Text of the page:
4. Don’t take advice that doesn’t feel right. If an agent or editor asks you to revise your work so much that you end up hating it, it’s time to have an amicable break up. Workshop your manuscript. Listen to trusted readers. Revise, rework and polish. But be sure you feel every new draft is getting better.

5. Don’t ask huge favors of people you don’t know. There’s a fine line between being a go-getter and pain in the ass. For example, I think it’s perfectly reasonable for writers to ask each other for cover blurbs even if they’ve never met. I’ve asked writers. I’ve been asked by writers. As long as there’s a legit book deal and certain publication, it’s all good. But the woman who showed up at my book party holding her daughter’s 600-page manuscript insisting that I “get it” to my publisher definitely crossed the line. She winked and promised me I’d thank her some day when the book hit the best-seller list.

6. Don’t oversell. Be confident about your work. Highlight your achievements as a writer. But if you describe your manuscript as “an epic historical drama so moving and poignant, it will surely become an instant classic.” This is the kind of thing other people say about books, not the author. Let your writing speak for itself.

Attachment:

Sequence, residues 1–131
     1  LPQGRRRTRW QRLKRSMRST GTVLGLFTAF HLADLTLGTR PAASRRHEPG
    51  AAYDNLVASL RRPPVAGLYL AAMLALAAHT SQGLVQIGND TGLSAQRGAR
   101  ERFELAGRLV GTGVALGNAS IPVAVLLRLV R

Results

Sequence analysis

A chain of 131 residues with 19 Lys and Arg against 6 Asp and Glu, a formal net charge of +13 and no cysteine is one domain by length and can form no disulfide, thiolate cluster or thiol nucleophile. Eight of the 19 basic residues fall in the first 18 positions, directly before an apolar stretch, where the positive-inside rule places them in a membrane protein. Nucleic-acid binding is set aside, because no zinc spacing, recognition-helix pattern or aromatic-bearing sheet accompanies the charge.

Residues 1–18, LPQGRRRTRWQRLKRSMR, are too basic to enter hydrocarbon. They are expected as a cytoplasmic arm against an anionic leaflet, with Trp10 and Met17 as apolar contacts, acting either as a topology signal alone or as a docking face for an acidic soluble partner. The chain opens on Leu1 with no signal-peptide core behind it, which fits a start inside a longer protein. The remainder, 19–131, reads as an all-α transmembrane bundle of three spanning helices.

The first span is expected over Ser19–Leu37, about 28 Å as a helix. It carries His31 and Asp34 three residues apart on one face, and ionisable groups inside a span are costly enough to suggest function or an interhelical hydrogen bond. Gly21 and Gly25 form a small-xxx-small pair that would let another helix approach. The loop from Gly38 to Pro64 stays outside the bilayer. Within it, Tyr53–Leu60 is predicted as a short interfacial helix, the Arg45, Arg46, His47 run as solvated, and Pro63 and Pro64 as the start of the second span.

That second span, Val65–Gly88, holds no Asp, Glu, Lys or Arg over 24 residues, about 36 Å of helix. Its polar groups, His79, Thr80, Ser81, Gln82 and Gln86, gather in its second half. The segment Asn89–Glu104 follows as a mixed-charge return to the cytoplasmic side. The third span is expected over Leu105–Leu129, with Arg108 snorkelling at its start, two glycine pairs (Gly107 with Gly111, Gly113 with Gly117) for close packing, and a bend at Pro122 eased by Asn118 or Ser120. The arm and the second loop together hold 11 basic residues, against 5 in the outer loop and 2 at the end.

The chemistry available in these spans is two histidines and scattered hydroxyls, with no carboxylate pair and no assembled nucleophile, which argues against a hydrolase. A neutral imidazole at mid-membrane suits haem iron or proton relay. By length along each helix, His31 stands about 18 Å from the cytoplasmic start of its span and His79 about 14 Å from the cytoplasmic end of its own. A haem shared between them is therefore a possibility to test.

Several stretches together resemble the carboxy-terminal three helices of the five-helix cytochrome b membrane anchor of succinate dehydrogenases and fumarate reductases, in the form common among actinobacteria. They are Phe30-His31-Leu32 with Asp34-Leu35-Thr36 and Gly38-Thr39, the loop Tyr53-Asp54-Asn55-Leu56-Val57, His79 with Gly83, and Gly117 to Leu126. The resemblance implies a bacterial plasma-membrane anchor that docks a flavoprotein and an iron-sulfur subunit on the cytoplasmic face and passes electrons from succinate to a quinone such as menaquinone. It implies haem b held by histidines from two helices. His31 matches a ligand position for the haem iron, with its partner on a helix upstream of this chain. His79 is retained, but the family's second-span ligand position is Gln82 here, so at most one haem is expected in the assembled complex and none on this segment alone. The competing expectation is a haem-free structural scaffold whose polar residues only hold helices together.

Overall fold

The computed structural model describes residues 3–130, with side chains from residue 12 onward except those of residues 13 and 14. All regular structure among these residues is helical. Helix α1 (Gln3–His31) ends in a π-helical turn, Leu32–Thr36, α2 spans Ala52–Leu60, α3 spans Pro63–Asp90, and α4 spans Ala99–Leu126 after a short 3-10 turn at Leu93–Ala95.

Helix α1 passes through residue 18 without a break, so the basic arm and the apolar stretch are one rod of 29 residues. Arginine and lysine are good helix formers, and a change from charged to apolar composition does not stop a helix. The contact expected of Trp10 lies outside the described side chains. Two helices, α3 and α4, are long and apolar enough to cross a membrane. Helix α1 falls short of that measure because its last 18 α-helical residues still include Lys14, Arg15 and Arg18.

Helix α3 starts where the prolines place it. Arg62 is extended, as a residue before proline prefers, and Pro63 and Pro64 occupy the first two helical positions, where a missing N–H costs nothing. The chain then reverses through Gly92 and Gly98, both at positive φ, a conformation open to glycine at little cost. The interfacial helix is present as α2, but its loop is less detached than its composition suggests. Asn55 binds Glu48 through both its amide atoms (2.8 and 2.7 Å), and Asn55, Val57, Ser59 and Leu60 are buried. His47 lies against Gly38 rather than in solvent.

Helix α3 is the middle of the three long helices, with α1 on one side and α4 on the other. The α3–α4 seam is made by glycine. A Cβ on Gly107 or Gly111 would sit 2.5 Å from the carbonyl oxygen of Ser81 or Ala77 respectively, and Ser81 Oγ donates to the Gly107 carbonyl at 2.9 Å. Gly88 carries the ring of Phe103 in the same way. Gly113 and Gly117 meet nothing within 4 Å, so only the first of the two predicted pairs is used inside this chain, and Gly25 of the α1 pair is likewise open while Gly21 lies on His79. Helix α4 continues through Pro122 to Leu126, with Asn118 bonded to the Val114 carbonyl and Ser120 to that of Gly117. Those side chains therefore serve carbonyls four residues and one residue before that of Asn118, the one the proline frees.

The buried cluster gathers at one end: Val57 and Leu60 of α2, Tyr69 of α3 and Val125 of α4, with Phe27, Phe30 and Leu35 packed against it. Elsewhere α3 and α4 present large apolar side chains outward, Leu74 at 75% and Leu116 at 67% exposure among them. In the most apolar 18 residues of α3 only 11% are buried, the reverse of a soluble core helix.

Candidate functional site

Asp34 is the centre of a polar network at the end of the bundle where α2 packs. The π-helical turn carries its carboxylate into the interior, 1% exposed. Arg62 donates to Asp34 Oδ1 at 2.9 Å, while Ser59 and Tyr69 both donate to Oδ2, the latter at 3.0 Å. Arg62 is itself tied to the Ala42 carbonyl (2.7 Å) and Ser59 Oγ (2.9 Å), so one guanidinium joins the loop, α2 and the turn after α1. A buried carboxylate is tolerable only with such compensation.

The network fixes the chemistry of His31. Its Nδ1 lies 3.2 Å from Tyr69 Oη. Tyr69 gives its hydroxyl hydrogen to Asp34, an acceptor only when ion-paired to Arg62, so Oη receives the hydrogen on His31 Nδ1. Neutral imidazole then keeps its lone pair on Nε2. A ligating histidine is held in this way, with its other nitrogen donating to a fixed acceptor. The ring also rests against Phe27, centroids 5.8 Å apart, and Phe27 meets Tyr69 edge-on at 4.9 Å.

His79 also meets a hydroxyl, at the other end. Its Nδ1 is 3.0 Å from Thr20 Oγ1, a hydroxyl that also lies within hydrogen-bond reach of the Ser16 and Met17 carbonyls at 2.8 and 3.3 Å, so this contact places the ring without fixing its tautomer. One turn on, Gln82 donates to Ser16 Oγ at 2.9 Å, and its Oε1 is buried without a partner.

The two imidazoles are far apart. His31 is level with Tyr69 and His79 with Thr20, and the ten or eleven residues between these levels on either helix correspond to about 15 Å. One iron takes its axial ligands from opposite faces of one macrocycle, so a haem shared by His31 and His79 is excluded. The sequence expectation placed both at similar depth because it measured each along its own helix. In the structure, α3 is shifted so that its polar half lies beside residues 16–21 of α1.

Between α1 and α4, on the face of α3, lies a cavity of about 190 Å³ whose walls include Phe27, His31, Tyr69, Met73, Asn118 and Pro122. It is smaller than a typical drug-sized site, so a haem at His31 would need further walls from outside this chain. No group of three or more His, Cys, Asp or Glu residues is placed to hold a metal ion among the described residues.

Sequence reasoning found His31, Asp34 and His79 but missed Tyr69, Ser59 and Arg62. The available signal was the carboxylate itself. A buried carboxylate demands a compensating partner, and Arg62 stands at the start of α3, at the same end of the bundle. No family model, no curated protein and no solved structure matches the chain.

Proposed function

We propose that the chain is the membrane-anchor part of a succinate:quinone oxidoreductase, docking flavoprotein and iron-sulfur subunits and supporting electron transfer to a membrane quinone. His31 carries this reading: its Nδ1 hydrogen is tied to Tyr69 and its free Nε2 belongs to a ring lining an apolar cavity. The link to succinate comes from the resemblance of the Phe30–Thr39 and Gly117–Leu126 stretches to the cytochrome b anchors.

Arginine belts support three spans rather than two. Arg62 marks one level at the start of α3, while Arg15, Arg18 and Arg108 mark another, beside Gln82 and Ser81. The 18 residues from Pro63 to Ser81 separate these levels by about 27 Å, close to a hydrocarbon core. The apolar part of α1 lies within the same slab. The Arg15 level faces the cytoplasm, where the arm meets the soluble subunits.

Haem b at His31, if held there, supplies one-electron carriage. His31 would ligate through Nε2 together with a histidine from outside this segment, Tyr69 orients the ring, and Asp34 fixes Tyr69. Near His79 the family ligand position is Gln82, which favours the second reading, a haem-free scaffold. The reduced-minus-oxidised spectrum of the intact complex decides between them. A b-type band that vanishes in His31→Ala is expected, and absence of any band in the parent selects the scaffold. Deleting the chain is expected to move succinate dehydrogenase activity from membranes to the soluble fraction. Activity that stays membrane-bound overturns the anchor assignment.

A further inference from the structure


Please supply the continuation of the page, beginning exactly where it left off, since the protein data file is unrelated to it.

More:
7. Don’t quote your Mom. Unless your mother is Jackie Collins, no one cares if she loved your book. When pitching to an agent, do not tell her that your mother, your friends, or your Bunco group all loved your book.

8. Don’t tell people your book is about your life and all the cool stuff you’ve done. Have a definite focus for your memoir, novel or non-fiction book. You should be able to describe your concept in one sentence, or the time it takes for an elevator door to close.

9. Don’t mistake a first draft with a manuscript that’s ready to be seen by agents and publishers. It is exciting to complete a first draft. As a closure person myself, I know how fun it is to check a box that shows I’ve completed something. But it is critically important that you take the time to revise, workshop, revise and revise again. It is important to finish and get your work out there – but only when it’s really, truly ready.